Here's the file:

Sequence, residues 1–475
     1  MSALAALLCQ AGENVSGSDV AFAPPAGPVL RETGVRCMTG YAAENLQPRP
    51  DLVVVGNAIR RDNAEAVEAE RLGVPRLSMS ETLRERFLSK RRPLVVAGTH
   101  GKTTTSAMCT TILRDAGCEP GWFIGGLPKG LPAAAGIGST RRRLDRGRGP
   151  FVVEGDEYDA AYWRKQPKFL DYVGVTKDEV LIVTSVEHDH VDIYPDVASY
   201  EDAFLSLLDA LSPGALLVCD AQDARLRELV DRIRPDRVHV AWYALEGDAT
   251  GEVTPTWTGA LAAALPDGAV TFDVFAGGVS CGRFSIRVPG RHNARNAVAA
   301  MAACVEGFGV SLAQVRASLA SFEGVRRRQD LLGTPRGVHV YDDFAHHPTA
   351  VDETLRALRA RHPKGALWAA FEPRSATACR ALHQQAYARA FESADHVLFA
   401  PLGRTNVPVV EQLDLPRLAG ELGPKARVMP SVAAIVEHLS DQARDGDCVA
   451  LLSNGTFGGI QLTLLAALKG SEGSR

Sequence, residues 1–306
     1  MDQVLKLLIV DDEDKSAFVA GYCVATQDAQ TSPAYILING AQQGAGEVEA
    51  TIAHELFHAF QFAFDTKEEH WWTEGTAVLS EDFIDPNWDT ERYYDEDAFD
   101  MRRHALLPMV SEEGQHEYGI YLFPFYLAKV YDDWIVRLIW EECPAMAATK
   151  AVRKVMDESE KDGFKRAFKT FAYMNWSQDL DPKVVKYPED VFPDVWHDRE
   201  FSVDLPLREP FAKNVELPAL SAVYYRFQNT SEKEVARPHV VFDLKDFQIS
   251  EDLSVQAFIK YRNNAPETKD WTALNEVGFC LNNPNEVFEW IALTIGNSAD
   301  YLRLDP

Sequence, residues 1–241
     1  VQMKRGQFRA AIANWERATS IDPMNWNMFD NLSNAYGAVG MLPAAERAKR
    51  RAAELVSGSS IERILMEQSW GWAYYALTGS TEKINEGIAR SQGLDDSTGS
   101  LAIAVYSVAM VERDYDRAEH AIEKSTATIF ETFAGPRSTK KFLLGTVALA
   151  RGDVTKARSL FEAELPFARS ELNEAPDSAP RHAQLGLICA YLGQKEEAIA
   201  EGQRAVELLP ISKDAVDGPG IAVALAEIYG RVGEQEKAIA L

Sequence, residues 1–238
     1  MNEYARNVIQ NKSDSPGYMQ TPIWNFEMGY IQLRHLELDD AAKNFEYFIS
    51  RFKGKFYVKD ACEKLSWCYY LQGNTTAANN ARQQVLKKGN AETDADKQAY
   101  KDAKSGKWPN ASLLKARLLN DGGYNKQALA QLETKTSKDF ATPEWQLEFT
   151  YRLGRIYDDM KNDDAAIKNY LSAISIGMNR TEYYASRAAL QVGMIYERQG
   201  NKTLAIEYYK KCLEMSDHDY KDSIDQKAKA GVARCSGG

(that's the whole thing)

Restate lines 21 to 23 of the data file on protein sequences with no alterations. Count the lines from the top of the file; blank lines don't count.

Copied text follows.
     1  VQMKRGQFRA AIANWERATS IDPMNWNMFD NLSNAYGAVG MLPAAERAKR
    51  RAAELVSGSS IERILMEQSW GWAYYALTGS TEKINEGIAR SQGLDDSTGS
   101  LAIAVYSVAM VERDYDRAEH AIEKSTATIF ETFAGPRSTK KFLLGTVALA